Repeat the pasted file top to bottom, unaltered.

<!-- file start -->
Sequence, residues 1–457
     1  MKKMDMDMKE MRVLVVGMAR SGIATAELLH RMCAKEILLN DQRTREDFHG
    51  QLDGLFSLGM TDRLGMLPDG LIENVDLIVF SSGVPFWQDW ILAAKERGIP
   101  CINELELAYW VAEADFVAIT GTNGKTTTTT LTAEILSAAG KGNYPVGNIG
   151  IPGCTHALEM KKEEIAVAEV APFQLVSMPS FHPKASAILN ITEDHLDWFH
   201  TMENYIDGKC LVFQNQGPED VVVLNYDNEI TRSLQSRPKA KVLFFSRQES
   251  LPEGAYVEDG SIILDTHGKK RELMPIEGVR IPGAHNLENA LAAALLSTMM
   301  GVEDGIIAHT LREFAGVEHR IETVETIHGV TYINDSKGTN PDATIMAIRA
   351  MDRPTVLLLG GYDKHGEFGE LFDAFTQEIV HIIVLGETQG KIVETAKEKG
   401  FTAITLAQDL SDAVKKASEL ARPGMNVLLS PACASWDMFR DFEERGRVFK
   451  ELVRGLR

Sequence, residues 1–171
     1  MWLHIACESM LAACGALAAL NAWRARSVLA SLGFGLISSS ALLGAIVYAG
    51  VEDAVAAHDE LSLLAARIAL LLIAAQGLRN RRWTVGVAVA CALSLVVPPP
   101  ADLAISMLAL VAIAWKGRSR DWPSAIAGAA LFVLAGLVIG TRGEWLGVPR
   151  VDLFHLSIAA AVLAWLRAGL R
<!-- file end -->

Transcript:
Sequence, residues 1–457
     1  MKKMDMDMKE MRVLVVGMAR SGIATAELLH RMCAKEILLN DQRTREDFHG
    51  QLDGLFSLGM TDRLGMLPDG LIENVDLIVF SSGVPFWQDW ILAAKERGIP
   101  CINELELAYW VAEADFVAIT GTNGKTTTTT LTAEILSAAG KGNYPVGNIG
   151  IPGCTHALEM KKEEIAVAEV APFQLVSMPS FHPKASAILN ITEDHLDWFH
   201  TMENYIDGKC LVFQNQGPED VVVLNYDNEI TRSLQSRPKA KVLFFSRQES
   251  LPEGAYVEDG SIILDTHGKK RELMPIEGVR IPGAHNLENA LAAALLSTMM
   301  GVEDGIIAHT LREFAGVEHR IETVETIHGV TYINDSKGTN PDATIMAIRA
   351  MDRPTVLLLG GYDKHGEFGE LFDAFTQEIV HIIVLGETQG KIVETAKEKG
   401  FTAITLAQDL SDAVKKASEL ARPGMNVLLS PACASWDMFR DFEERGRVFK
   451  ELVRGLR

Sequence, residues 1–171
     1  MWLHIACESM LAACGALAAL NAWRARSVLA SLGFGLISSS ALLGAIVYAG
    51  VEDAVAAHDE LSLLAARIAL LLIAAQGLRN RRWTVGVAVA CALSLVVPPP
   101  ADLAISMLAL VAIAWKGRSR DWPSAIAGAA LFVLAGLVIG TRGEWLGVPR
   151  VDLFHLSIAA AVLAWLRAGL R